Zumba strikes a very deep chord in people. Some people even tattoo the logo on their bodies. Zumba is not about how a member looks after months of working out (although they do look quite good); it’s about how a member feels in the moment, while they’re working out. It’s social. The Zumba program brings people together because the workout feels more like a party. People have fun, make friends, and laugh at parties—the same is true for a Zumba class. Zumba builds retention by building community.

To support our community, we recently launched Z-LIFE Magazine, a lifestyle magazine focusing on the passion, energy, and vibrancy that bring our amazing community together.

CBI: How have your specialty programs helped expand your market base?

AP: We created these programs because people were asking for them. The active older adults don’t want to do bicep curls; they want to dance and have a good time. So we created Zumba Gold—which adds rhythms like cha-cha, jive, swing, and tango. We’ve heard some incredible love stories about older couples meeting at their Zumba Gold class. It’s amazing. Zumbatomic is our answer to kids’ fitness offerings that are boring and/or competitive. Zumbatomic is exercise in disguise for kids. Zumba Toning targets our current base and helps those consumers who want to focus on toning arms and shoulders without counting reps. Aqua Zumba…well, let’s just say we are heating up the pool party.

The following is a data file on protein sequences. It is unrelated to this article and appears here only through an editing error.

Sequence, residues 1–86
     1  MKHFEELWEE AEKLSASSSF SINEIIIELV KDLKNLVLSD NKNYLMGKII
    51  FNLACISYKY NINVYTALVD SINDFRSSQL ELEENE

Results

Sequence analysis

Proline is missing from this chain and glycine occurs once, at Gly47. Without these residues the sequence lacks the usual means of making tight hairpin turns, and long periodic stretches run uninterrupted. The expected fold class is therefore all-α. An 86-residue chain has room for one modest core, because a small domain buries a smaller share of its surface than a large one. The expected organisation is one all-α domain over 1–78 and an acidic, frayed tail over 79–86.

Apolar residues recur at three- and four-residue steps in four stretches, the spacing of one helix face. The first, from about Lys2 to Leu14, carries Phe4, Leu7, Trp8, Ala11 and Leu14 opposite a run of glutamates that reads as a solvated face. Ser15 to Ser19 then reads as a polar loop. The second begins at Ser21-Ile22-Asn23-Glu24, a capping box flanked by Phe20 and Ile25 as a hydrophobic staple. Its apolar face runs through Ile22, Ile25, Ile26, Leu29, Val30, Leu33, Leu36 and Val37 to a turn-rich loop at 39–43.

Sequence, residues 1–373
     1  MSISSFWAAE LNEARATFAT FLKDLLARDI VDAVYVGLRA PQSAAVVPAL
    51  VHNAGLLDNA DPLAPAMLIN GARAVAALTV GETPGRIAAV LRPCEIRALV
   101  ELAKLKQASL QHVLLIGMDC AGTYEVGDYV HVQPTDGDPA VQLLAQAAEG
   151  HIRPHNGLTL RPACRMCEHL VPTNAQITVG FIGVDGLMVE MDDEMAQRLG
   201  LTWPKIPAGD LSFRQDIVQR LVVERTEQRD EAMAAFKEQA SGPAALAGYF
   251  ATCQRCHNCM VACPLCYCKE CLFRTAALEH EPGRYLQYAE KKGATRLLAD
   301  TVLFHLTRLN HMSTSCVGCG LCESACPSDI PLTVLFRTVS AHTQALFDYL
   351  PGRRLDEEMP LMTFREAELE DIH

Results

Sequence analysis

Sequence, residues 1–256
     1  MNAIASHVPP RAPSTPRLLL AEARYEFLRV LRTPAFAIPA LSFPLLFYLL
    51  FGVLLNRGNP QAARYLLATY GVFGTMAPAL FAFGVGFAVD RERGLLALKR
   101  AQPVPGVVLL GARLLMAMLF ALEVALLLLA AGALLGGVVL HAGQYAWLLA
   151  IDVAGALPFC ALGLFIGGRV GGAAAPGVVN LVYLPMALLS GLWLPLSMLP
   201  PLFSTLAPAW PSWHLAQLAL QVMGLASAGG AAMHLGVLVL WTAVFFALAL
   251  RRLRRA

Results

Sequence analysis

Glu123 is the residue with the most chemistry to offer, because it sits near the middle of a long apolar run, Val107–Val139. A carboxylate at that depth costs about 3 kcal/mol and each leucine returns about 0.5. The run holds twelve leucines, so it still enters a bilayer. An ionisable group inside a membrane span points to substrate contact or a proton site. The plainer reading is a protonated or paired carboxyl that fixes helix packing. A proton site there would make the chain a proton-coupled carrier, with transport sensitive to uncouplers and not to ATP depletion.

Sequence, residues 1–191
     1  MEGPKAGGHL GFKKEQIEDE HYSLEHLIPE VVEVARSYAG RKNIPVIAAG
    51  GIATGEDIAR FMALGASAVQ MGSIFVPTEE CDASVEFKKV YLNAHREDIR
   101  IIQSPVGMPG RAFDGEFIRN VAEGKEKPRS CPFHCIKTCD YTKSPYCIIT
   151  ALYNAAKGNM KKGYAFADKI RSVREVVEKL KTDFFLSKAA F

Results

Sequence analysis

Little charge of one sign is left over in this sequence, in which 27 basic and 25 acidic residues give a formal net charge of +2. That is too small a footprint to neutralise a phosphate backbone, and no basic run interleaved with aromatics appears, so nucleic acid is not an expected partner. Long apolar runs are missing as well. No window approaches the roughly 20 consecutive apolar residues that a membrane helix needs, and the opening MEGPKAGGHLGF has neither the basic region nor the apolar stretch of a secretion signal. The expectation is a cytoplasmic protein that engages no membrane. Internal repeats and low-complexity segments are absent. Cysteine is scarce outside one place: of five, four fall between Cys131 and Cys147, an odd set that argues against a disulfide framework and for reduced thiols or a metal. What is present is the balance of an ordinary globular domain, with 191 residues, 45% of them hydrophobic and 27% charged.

CBI: What’s new at Zumba?

AP: There’s a lot going on—as always. In the fourth quarter of this year, we’ll be launching our first Zumba video game. The really cool thing about the game is that, like all our at-home products, they help get people prepared to take a live class at a gym.

We’re also working on several strategic initiatives, such as figuring out how to get more men into the group exercise room and growing our relationships with major club chains around the world. We don’t charge the clubs any licensing fees, but we literally offer them full-service support free of charge. We’re also more than tripling our advertising spending to get our gym partners more members. And we still have a long way to go outside of the U.S. Currently, we’re working on licensing more and more new instructors in Europe and Australia, and building infrastructure to support them.